When Nashville designer Chad James was asked to decorate a shotgun house for a dear friend in New Orleans, saying yes was easy. Though the project came with its own unique challenges, it allowed two people to combine households and begin a life together and, most of all, it fit Chad’s motto: work’s got to be fun!
Over drinks one afternoon when Chad’s friend was in Nashville, they talked about this quirky shotgun house that he and his partner recently bought. It was small — only 1200 square feet — and was a typical New Orleans shotgun configuration, a few narrow rooms opening one behind the other, all in a row. While the couple was thrilled to be setting up their first house together, they weren’t quite sure how to make it function to fit the tempo of their lives. In the span of an hour, though, Chad quickly sketched out an idea for a transformation on the back of a cocktail napkin and set to work helping his friend bring the vision to life.
Here’s the designer, Chad James, sitting on the front steps of his friend’s New Orleans shotgun house.
When the homeowners bought the house, the layout was odd-seeming to them: the prior owners had set up the front room as the bedroom, which opened into a living room next, followed by a dining room. The kitchen and bath were at the rear of the house, which made sense, but the bedroom first concept didn’t work. Chad flipped the living spaces so that the living room was the first entry point beyond the door.
At Chad’s suggestion, the couple took full advantage of the opportunity to get rid of old furniture and begin to build a collection that spoke to both of their personalities. They truly started with a blank slate, and Chad coached them through smart purchases that made the most of their minimal space.
As you’ll see in the photos that follow, a warm neutral wash of color on the walls provides continuity that allows the space to feel larger, where dark colors, or using several different colors would have made the space feel smaller and less harmonious. The dark hardwood floors are a singular contrast against the wall color.
Wide turquoise shutters flanking the entry of the home offer a warm, inviting welcome to guests stopping by.
These next few shots are of the living room. Though small, this space is well appointed with ample seating for the couple and and their friends. Repeating the neutral color scheme on the seating keeps the space feeling roomy. The chandelier, which came from Restoration Hardware, is a modern take on an classic shape.
Here’s the living room from another angle. (Note: The wall color throughout the house is Whiskers by Porter Paint.)
This seating area in one corner of the living room is a perfect spot to enjoy a light supper and makes working from home on occasion easy to manage.
French doors in the living room lead directly to the bedroom. Sheer white panels hung behind the French doors offer privacy, but also allow light to filter into the windowless bedroom, preventing it from feeling too closed off.
The bedroom should be a retreat from the rest of the world, and Chad made sure this space allowed for relaxation and rest. This space is also a great example of how Chad approaches blending personalities when working on a home. As with many couples, opposites attract. Chad listened to both homeowners, making sure to incorporate elements that were important to each. The neutral walls speak to the palette preference of one, while the bold, geometric bolster on the bed makes the other half of the duo happy. Notice the portière — the white curtain hanging next to the bed. This helps create the illusion of a hallway that leads you back to the dressing parlor behind the bedroom.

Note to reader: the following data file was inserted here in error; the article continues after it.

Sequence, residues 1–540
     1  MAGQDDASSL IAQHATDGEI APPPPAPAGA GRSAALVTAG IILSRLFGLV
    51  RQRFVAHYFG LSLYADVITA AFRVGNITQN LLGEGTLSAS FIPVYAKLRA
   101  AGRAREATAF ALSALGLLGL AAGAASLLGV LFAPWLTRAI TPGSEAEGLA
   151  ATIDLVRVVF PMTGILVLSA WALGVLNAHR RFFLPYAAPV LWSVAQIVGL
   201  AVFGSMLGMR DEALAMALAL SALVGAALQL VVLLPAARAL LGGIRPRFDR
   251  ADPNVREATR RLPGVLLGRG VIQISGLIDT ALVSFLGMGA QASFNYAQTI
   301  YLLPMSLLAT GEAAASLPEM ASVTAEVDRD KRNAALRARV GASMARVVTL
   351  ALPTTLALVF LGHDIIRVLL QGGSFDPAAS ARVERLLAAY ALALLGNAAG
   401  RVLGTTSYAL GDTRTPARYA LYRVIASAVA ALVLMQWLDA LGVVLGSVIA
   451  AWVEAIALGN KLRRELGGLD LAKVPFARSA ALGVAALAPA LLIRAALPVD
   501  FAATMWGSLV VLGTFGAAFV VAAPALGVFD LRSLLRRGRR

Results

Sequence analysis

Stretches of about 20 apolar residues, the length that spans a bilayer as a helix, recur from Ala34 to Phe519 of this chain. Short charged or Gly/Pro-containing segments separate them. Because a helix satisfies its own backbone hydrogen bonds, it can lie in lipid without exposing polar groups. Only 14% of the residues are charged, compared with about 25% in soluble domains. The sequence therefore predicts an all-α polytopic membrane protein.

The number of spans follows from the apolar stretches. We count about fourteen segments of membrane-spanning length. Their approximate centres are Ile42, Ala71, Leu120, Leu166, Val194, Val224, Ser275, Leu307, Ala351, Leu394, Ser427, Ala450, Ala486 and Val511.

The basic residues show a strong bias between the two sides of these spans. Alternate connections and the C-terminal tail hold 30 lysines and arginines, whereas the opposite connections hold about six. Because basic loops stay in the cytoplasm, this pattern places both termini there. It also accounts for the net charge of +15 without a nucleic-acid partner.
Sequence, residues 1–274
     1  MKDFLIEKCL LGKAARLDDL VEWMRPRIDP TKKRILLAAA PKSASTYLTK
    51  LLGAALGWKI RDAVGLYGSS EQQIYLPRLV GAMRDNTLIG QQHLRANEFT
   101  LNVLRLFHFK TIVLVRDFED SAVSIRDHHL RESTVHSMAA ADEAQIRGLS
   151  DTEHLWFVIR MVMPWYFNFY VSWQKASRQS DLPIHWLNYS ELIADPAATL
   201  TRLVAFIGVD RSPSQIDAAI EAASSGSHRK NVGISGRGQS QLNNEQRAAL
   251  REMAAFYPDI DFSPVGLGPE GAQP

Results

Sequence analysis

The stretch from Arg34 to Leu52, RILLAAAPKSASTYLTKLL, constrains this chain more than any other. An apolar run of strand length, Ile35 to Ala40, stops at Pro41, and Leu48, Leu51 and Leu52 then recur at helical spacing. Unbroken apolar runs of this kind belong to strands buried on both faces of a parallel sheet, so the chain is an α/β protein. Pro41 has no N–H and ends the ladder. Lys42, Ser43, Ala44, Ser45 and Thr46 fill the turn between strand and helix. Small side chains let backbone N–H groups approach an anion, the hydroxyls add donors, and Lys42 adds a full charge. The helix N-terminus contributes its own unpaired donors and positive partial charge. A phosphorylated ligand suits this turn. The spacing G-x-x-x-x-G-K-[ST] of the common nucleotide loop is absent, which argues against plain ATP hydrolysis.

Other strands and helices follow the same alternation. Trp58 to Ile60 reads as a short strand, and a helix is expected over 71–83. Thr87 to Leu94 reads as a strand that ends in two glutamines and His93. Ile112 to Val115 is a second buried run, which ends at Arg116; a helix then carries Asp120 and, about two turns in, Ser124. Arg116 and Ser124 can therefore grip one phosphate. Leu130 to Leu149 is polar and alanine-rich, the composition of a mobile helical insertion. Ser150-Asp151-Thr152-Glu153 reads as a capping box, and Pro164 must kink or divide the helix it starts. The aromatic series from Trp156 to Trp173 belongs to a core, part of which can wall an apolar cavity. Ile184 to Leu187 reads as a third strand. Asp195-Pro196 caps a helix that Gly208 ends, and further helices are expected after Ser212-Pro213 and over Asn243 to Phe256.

A closeup of the bolster pillow, whose pattern and color visually anchor the room.
This is the dressing parlor. Chad encouraged the couple to use this third room in the house as an expanded closet of sorts. Notice the metal cabinets on either side of the mantel. These provide neat, compact storage for clothing. The painting over the mantel is the first piece of artwork the couple acquired and is a favorite possession.
Chad’s friend travels frequently for work, not to mention, neither of the two homeowners likes to cook, so a dining room was not a good use of space. This layout allows for easy packing and unpacking and doesn’t make anyone feel cramped, the way a small closet could. In particular, Chad suggested adding a table to this space as an easy resting spot for a suitcase pre or post trip.
Here’s a shot of the other side of the dressing parlor. This highlights another aspect of Chad’s design aesthetic: finding creative ways to use and arrange curiosities to give them new life. On the mantel here, along with the plants and antelope horns, are a pair of architectural calipers that make for an artful display.
Another view of the mantel in the dressing parlor, with another look at the portier in the background.
The end result is a seamless space that lives the way it was intended.
Thank you, Chad, and to your team at the Chad James Group group for sharing this wonderful project with us! Learn more about this fabulous design team and their gorgeous projects here: chadjam.es/group.
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